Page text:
The company earns $5 million to $6 million in annual revenue, and its business has grown 10-15% each year. There are about 25 workers on staff and many of them are long-term employees.
“Our culture is family-oriented, and I do my best to take care of our employees. One of the special things we do is to give all employees’ children birthday gifts until they become teenagers. Actually, I feel like I work for them,” he says.
All employees get full benefits, including paid holidays and vacation plus health insurance.
Gene believes he’s made a commitment not only to the 25 workers but also to their family members who depend on the company’s business success.
Gene is also a big supporter of youth baseball in his spare time.
“I love baseball, so I coach youth baseball, and we give money to youth baseball. We’ve also donated to improve the ballparks in Leon County,” he says. “We also give to a homeless shelter and support ‘Rock the Dock,’ an annual fishing tournament that helps raise scholarships for children for college.”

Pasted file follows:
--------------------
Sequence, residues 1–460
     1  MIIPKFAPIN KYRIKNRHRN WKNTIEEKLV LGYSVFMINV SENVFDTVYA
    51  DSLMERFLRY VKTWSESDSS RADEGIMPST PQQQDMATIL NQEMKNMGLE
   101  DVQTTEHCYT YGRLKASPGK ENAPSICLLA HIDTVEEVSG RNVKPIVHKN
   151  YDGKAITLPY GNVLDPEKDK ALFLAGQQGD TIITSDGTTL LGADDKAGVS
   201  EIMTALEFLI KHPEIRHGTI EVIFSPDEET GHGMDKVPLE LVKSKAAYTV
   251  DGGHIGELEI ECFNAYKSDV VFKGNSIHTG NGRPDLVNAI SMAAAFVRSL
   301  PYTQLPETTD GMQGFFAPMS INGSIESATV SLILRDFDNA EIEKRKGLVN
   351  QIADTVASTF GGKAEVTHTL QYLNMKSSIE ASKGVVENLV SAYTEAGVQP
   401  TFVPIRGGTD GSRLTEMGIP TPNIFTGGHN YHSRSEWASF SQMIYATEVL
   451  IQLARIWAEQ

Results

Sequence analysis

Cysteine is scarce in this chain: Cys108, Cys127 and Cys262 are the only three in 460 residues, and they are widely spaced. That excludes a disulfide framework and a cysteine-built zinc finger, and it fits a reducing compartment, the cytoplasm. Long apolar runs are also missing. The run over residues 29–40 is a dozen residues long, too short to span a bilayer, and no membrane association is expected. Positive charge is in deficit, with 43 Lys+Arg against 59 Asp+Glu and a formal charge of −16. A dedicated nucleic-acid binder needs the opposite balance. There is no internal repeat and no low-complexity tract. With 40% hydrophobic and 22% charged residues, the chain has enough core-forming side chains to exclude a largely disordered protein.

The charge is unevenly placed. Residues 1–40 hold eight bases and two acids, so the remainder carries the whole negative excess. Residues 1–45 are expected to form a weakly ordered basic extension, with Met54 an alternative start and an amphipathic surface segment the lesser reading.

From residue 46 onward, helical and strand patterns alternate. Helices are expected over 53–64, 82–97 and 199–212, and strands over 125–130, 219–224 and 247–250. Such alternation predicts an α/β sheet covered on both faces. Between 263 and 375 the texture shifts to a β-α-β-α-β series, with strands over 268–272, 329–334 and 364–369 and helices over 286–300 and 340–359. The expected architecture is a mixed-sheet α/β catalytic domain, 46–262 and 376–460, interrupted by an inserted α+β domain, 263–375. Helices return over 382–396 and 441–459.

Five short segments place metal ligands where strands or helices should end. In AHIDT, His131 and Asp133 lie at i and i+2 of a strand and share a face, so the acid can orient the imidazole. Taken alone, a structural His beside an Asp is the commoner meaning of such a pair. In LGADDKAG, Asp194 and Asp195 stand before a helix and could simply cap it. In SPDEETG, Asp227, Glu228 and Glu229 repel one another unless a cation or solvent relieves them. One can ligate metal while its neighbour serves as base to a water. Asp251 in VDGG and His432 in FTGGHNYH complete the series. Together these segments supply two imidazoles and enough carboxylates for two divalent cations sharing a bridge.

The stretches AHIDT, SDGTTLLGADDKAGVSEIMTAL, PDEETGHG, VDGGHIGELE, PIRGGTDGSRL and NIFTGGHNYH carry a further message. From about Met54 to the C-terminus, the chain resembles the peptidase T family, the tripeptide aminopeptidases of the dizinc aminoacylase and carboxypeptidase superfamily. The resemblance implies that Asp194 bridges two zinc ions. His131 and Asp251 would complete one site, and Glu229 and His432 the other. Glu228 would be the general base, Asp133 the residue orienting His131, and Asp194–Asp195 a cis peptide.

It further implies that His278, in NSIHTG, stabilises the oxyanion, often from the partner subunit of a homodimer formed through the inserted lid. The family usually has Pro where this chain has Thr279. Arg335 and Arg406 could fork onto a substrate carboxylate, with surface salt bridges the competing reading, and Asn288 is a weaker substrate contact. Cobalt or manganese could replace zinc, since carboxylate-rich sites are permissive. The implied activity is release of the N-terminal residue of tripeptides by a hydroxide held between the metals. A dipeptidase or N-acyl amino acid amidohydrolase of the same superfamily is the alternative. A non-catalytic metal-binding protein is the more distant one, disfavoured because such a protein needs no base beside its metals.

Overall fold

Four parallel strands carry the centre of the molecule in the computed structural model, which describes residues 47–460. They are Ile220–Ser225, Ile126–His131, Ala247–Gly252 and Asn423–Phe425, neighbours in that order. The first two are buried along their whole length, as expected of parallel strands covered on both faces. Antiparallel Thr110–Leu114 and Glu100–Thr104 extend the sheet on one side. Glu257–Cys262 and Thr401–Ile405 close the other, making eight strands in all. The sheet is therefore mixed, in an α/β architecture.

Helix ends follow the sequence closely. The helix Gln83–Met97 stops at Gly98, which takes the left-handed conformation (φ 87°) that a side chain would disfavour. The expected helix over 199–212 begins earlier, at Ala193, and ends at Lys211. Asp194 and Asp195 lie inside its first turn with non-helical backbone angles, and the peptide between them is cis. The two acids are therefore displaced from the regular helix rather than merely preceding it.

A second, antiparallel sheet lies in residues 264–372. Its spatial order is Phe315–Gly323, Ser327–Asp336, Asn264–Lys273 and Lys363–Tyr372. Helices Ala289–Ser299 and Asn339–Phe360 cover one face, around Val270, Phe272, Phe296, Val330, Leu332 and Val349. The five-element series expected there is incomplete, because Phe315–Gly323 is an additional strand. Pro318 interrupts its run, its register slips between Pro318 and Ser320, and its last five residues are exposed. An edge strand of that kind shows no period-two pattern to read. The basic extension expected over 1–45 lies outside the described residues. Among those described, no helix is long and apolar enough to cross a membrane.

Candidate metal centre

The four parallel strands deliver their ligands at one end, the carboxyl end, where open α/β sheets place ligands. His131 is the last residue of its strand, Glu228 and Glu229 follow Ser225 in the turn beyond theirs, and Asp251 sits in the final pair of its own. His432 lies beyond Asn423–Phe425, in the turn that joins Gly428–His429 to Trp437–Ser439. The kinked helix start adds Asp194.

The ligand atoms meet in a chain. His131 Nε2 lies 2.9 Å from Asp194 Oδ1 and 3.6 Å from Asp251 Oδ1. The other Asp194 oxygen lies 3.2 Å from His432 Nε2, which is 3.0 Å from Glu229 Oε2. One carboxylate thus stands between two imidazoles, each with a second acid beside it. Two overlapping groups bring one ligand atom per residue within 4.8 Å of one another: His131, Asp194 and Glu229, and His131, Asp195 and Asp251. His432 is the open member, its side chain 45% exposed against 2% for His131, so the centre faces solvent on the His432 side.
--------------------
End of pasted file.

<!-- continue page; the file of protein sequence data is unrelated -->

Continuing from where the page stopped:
Never Cut Corners
The Taylors’ mission is the same today as it was when their father started the business over 60 years ago—set the standard for quality that others could follow in the way of materials, installation procedures and custom workmanship.
He says, “Our guys put roofs on every day, and that experience helps ensure that we can provide a really good product.
“We try to approach every roofing job as if it were our own home. I’d rather take a loss on a job than cut corners. In the long run, it always ends up being more expensive if you cut corners,” Gene says. “I think the important thing to remember in business is that it’s not just about the work you get today. It’s making sure that your work holds up so that you’ll have work for the next 20-plus years.”